Hollywood has this thing they like to call the “High Concept,” which is basically a nice way of describing a clever, and almost always ironic, idea for a story. A good High Concept can in the course of a single sentence indicate all the dramatic and/or comedic possibilities of a film, and following the concept to its logical conclusions essentially makes the screenplay write itself. I bring this subject up because movies don’t get much more Low Concept than Hot Tub Time Machine, in which four guys get in a hot tub, accidentally turn it into a time machine, and wind up back in the 1980’s in the middle of a stereotypical Ski School teen comedy. This fact makes it all the more remarkable that Hot Tub Time Machine is an endlessly clever movie, filled with distinctive and likable characters who find themselves in one hilarious situation after another in one of the most entertaining broad comedies in years.
John Cusack, whose film persona has evolved from wide-eyed young optimist to jaded middle-aged sad sack so gradually that I’m not even sure he noticed, is perfectly cast as Adam, a jaded middle-aged sad sack who travels back in time to inhabit his wide-eyed young optimistic self back in happier days. Along for the ride are Nick (Craig Robinson), whose marriage and dead-end job are suffocating him, Adam’s nephew Jacob (Clark Duke), an introvert who never had a strong male role model and Lou (Rob Corddry), who hates his life so much that when he almost dies during a drunken binge everyone assumes that he tried to kill himself. Adam and Nick plan a road trip back to their old ski lodge to cheer Lou up, leading to an unexpected incident with a hot tub time machine that gives them the opportunity to relive their old glories – or more accurately their old defeats – back when their lives were full of more possibilities than missed opportunities.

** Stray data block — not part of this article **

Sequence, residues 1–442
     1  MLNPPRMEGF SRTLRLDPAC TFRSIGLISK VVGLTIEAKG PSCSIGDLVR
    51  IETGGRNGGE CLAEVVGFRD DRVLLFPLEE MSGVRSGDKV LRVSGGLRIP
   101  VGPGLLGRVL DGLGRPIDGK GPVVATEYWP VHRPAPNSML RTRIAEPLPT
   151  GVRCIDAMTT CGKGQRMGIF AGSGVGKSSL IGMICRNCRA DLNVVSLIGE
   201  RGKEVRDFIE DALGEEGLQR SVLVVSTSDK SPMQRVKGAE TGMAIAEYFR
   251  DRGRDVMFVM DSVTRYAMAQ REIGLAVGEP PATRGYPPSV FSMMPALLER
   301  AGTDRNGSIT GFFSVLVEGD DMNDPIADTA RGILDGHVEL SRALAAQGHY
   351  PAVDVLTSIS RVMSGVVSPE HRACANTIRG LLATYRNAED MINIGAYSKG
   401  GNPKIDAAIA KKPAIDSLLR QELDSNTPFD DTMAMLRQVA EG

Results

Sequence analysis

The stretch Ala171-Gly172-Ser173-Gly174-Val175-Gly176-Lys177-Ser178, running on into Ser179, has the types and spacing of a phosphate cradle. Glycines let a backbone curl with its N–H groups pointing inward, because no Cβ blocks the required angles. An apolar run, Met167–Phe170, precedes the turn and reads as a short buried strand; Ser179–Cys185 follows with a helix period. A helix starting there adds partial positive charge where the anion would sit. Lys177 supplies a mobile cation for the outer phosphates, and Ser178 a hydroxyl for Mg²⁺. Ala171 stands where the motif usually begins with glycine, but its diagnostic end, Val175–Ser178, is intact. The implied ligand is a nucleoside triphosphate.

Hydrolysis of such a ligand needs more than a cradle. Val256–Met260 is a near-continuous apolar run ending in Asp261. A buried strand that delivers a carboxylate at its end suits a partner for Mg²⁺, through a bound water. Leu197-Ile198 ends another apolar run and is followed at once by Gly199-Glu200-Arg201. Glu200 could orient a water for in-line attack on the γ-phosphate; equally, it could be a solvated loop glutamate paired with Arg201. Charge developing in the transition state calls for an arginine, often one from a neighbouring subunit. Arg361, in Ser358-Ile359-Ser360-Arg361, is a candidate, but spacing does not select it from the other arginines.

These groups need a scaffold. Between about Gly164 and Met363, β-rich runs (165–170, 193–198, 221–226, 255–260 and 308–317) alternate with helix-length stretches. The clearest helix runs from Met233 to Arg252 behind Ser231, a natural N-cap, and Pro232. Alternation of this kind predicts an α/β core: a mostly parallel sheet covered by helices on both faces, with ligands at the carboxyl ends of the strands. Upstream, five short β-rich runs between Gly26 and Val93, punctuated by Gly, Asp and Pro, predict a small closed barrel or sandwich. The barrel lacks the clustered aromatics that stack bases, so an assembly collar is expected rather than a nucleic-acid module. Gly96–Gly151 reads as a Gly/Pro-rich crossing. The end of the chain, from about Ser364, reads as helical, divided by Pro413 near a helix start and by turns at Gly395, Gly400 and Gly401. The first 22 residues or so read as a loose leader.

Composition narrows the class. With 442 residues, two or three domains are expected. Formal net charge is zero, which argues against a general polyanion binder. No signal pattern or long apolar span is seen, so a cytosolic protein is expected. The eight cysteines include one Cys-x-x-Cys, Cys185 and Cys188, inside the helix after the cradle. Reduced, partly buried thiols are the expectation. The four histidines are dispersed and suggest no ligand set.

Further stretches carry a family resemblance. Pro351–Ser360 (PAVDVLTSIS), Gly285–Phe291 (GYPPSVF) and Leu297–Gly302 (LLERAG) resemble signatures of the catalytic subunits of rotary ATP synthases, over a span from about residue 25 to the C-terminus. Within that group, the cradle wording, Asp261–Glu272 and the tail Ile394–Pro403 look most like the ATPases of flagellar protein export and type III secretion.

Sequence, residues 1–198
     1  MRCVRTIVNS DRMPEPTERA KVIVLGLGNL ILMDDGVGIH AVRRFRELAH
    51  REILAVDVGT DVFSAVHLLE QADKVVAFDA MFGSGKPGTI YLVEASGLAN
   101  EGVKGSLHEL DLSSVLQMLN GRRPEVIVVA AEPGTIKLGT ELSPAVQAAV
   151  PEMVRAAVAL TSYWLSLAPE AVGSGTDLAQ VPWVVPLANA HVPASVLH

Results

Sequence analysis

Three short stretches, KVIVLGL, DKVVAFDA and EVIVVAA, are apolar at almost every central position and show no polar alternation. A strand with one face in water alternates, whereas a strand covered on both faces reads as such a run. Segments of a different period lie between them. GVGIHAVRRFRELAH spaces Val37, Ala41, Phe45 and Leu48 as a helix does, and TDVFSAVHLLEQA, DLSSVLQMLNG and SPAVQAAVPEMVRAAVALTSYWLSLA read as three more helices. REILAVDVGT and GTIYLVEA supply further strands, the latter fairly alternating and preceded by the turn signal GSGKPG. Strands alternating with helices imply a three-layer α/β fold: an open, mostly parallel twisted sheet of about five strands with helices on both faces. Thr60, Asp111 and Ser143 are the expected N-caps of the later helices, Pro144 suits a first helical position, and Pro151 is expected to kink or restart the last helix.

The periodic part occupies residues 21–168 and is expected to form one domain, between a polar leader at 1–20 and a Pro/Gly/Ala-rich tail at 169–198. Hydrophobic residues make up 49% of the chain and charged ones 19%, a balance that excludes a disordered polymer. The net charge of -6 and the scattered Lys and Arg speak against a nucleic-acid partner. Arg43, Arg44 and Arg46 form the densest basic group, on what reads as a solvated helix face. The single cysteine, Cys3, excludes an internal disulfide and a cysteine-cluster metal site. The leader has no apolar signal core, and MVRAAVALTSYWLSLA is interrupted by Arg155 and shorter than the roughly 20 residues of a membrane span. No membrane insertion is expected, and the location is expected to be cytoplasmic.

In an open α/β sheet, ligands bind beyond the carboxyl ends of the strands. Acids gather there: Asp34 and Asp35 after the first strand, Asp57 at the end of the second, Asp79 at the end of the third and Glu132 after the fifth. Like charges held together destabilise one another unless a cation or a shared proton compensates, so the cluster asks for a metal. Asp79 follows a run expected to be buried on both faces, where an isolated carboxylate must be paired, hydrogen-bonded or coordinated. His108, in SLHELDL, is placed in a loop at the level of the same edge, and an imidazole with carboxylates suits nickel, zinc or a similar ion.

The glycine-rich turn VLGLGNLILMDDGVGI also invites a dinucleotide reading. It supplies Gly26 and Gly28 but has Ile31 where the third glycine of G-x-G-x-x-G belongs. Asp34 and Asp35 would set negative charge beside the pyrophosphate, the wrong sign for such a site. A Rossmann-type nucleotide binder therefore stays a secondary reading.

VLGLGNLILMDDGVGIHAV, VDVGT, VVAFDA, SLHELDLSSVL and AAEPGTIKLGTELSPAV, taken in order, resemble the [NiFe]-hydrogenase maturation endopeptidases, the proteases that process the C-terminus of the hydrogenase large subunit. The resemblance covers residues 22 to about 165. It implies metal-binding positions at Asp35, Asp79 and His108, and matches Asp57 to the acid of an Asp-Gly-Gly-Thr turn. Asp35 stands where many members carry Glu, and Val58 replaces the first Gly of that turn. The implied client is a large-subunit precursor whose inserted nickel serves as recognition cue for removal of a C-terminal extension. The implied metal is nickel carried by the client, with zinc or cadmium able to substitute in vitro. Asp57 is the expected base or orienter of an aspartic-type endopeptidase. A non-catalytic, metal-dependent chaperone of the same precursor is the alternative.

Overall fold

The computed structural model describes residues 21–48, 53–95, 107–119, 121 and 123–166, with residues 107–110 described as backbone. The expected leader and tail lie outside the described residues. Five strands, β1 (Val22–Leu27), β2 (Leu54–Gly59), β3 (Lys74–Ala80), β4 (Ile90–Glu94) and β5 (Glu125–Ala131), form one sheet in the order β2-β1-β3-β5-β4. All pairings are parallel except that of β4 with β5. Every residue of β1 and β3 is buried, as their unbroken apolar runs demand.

As with all time travel movies the mechanics of messing with the past are raised, but none of our heroes are quantum physicists (Jacob comes closest, as a writer of “Stargate” fan fiction) so although rational questions are raised – Why do all the middle-aged guys inhabit their teenaged bodies while Jacob, who wasn’t even conceived yet, looks normal? Is it even possible to change the future, or will everything they do right itself eventually, “Lost”-style? – they are quickly disregarded as unanswerable. If anything, Adam, Nick and Lou are excited about the possibilities of changing their fortunes, leaving only Jacob to fret over whether all the changes in the timeline will prevent him from being born. (Jacob’s Mom is at the ski lodge too, and he’s shocked to find that discover she’s a total slut.) Their adventures lead them to anachronistic musical numbers, predicting sporting events for money and in Nick’s case struggling with all the opportunities to cheat on his wife, to whom he is not yet technically married (and is only nine years old at this point anyway).
There’s not much point in recounting the various amusing situations the cast winds up in, since the very unexpectedness of their journey is the source of most of Hot Tub Time Machine’s comedy, but Crispen Glover does appear in the finest running gag in what may be decades now as a doomed amputee in the present whose origin story may or may not be revealed back in the 1980’s. Cusack, Robins, Duke and Corddry – along with the rest of their fine supporting cast – straddle the fine line of wackiness and sincerity so that every development manages to be silly but still feel consequential. Hot Tub Time Machine may have a stupid concept, but making this delightful movie was a very smart idea indeed.
CraveOnline rating: 9 out of 10